Most of the studies so far were designed to be cross-sectional studies, i.e., the radiographs of a number of patients were examined in a certain period. The aim of this longitudinally designed study is to evaluate if there is a change in the mandibular cortical index in patients' radiographs when there is at least a 15 years' time lapse between two radiographs of the same patient.


  Materials and Methods Top


The archive of the department of dentomaxillofacial radiology of our university center in Germany was searched for radiographs of patients – in terms of a longitudinal analysis – which meet the following inclusion criteria:

  • Patients who have at least two panoramic radiographs with a time lapse of 15 years in between
  • Patients who were older than 50 years when the second radiograph was made
  • No anatomical, pathological, or radiograph-associated factors which affect the assessment of the inferior cortex of the mandible.


The panoramic radiographs have been performed at different time periods using different panoramic machines. The exposure parameters were set individually according to the size of the patients. The radiographs examined in our study were pseudonymized and examined by an experienced dentist to assess and categorize the mandibular cortical shape index (CI) into one of the three categories according to the classification described by Klemetti et al., as follows:[20]

  • Normal cortex: the endosteal margin of the cortex is even and sharp on both sides [Figure 1]a
  • Mildly to moderately eroded cortex: the endosteal margin shows semilunar defects (lacunar resorption) or appears to form endosteal cortical residues [Figure 1]b
  • Severely eroded cortex: the cortical layer forms heavy endosteal cortical residues and is clearly porous [Figure 1]c.
Figure 1: (a-c) Categories of cortical shape index, (a) Normal cortex-endosteal margin of the cortex is sharp and even on both sides of the mandible. (b) Mildly to moderately eroded cortex-the endosteal margin shows semilunar defects (lacunar resorption) or appears to form endosteal cortical residues. (c) Severely eroded cortex-the cortical layer forms heavy endosteal cortical residues and is clearly porous.

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The radiographs were placed on an X-Ray Film Viewer, and the CI was assessed for each radiograph.

The results were then statistically analyzed to assess CI changes over time. In particular, the time period between both radiographs, gender, age when the first radiograph was made and age when the second radiograph was made were all examined to determine if they had an effect on possible changes of the CI.

The age was described as a quantitative parameter using the mean value, standard deviation (SD), minimum and maximum as well as the quartiles and it was examined with regard to its normal distribution using the Kolmogorov–Smirnov test.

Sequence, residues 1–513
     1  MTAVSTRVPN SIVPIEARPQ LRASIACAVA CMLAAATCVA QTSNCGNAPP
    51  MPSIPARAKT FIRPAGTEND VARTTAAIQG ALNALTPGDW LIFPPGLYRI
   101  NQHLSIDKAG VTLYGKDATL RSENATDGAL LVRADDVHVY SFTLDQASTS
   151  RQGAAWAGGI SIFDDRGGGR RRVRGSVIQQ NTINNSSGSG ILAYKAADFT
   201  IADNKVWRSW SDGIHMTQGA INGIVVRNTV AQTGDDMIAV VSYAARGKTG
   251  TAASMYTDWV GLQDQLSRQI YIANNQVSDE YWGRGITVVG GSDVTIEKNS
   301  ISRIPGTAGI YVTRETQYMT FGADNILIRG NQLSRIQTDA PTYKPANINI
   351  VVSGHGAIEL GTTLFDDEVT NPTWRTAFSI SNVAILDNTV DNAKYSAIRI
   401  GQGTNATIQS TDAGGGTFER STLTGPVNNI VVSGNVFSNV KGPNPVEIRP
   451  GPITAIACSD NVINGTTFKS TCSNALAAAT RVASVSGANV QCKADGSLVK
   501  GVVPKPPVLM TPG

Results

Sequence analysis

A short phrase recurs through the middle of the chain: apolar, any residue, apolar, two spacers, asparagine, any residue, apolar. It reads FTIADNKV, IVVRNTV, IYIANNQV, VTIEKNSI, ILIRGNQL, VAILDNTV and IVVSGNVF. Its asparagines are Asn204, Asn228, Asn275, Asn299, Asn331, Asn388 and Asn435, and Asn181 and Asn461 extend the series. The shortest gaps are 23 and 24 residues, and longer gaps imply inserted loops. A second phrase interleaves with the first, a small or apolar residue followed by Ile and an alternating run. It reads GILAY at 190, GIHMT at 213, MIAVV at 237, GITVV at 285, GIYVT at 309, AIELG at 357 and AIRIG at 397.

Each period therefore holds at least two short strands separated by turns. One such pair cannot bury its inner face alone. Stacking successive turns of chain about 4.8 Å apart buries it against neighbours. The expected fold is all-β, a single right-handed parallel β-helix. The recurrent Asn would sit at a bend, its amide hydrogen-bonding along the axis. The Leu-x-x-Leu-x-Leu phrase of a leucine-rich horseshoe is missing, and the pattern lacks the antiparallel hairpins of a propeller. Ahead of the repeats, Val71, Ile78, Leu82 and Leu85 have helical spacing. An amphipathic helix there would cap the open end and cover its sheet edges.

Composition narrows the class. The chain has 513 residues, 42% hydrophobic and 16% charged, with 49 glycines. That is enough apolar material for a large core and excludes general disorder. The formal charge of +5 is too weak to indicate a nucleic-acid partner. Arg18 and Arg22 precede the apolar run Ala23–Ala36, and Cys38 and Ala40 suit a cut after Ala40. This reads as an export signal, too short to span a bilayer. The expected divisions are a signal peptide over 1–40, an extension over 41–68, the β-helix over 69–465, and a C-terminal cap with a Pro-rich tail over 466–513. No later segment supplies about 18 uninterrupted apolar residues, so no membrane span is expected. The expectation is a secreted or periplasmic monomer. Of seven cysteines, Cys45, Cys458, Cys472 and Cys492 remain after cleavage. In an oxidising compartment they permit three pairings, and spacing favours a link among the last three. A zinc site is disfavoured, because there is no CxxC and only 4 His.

Absolute and percentage frequencies were indicated for ordinal and nominal scaled parameter. Every two parameter of this scaling were compared in the contingency table which made the examining of dependency possible using the Chi-square test. The mandibular CI and its changes had an ordinal scale and were therefore examined in regard to a linear trend using the Chi-square test. When the expected frequencies were too small, the exact test was chosen.

The tests were performed in a two-sided manner; the chosen significance level was 5%. No alpha-adjusting for multiple tests was applied. Therefore, the results are explorative and descriptive.

The statistical analysis was carried out using IBM SPSS Statistics 21 (SPSS Inc., an IBM Company, Chicago, IL, USA). All operations were performed using SPSS default settings.


  Results Top


Ninety patients met the inclusion criteria, 38 of them were female and 52 were male. The mean age, when the 1st radiograph was made, was 48.70 years (minimum: 24, maximum: 67, SD: 9.90 years) while the mean age, when the 2nd radiograph was made, was 66.87 years (minimum: 50, maximum: 83, SD: 9.59 years). The average time between both radiographs was 18.49 years (minimum: 15, maximum: 32, SD: 3.60 years). The respective age distributions according to the gender were: For the male patients, the mean age when the 1st radiograph was made was 50.54 years (minimum: 32, maximum: 64, SD: 9.07 years) while the mean age when the 2nd radiograph was made was 68.87 years (minimum: 50, maximum: 82, SD: 8.95 years). The average time between both radiographs was 18.88 years (minimum: 15, maximum: 32, SD: 3.75 years). However, for the female patients, the mean age when the 1st radiograph was made was 46.18 years (minimum: 24, maximum: 67, SD: 10.55 years) while the mean age when the 2nd radiograph was made was 64.13 years (minimum: 50, maximum: 83, SD: 9.88 years). The average time between both radiographs was 17.95 years (minimum: 15, maximum: 30, SD: 3.37 years) [Table 1] and [Figure 2].
Table 1: Age distribution of the patients according to gender and time of radiograph